The application allows a person to select from the following coverages: Life (basic); Life (supplemental); AD & D 24 Hr.; AD & D Non-Occ.; Dependent Life; Weekly Disability; Medical Conversion; and Other. In our original opinion, the majority concluded that paragraph 8 in the application and the “Good Health” clause could be reconciled stating, “[p]aragraph 8 in the application addresses a situation where a portion of coverage is subject to evidence of insurability and another portion is not; written approval or disapproval is required only for the portion subject to evidence of insurability.” Upon further reflection, we are now of the opinion that the two clauses are not reconcilable. To give effect to this portion of the application, we must distinguish between the terms medical insurance and non-medical insurance. The term “non-medical” is not defined in the policy. Joseph Wilkerson testified as an expert witness for Vicki James. He testified that, within the insurance industry, “non-medical” means life insurance. Wilkerson's testimony as to the meaning of “non-medical” was undisputed. Based on this distinction, a reasonable interpretation of these provisions is as follows: (1) If a person is subject to evidence of insurability requirements, he will only have coverage for life insurance, not weekly disability or medical conversion, until his evidence of insurability is reviewed and he is approved in writing by the company; (2) Donnie James applied only for life insurance which is non-medical insurance; and (3) According to the non-medical clause in the application, even if his evidence of insurability was not reviewed or written approval was not received from the company, he was insured with the life insurance for which he applied. Because reasonable interpretations of these contract provisions show ambiguity in the contract, we adopt the interpretation that most favors coverage for the insured and conclude the trial court did not err in granting judgment on the breach of contract claim. See Nat'l Union Fire Ins. Co., 811 S.W.2d at 555.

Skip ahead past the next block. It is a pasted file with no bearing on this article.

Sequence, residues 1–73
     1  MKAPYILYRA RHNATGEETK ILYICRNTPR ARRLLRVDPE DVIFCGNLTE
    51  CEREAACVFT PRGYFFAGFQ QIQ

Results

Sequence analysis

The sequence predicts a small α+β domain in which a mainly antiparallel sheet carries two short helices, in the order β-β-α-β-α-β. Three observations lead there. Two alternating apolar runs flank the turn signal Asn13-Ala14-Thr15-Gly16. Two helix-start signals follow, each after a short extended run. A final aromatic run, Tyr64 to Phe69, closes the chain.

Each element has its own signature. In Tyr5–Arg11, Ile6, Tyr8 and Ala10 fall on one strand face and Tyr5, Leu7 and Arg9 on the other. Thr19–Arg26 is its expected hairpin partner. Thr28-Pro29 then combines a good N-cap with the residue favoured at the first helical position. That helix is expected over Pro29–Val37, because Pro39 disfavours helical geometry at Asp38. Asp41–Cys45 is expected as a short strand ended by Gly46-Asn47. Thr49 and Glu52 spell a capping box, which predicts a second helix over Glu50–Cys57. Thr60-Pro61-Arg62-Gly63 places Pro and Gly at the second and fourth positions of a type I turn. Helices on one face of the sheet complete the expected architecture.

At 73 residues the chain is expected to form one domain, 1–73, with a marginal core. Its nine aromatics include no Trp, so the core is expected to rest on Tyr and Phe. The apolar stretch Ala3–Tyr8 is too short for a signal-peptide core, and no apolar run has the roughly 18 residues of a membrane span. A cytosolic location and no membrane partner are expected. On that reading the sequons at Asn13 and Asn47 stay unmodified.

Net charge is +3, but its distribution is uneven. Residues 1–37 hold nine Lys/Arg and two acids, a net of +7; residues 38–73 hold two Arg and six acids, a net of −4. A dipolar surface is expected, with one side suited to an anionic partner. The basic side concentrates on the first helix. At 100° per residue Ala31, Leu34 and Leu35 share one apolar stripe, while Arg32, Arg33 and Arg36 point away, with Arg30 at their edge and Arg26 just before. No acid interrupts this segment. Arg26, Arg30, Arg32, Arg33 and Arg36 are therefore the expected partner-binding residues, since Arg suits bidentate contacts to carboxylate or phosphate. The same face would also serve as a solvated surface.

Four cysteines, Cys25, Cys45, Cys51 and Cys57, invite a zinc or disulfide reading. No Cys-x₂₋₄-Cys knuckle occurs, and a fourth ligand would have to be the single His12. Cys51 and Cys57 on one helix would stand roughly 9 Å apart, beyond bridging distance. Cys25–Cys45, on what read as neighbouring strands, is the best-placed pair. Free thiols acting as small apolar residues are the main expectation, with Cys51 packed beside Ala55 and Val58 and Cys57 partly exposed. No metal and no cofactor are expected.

The Schedule of Benefits language also arguably demonstrates a conflicting provision in the contract. The Schedule of Benefits in the policy identifies two classes of employees: Class 01, described as “all eligible full-time employees who submit satisfactory evidence of insurability,” and Class 02, described as “all eligible full-time employees who do not submit satisfactory evidence of insurability.” 6 For Class 01, the schedule provides “election of the following amounts: $10,000; $20,000; $25,000; $50,000; $75,000; $100,000.” (emphasis added.) For Class 02, the schedule provides “election of the following amounts: $10,000; $20,000; $25,000; $50,000.” (emphasis added.) Appellees argue the policy allows every employee a “guaranteed issue” of $50,000 coverage, without written approval and without evidence of insurability. Then, the schedule of benefits allows eligible full-time employees to elect up to $100,000 more in additional coverage if they submit satisfactory evidence of insurability, in addition to the $50,000 “guaranteed issue.” For the first $50,000 of this additional election, the “Good Health” clause does not require written approval. Therefore, since Donnie James had only the $50,000 “guaranteed issue” plus the first $50,000 additional election for life insurance only, the “Good Health” clause did not require written approval for any of the $100,000 in coverage claimed by appellees.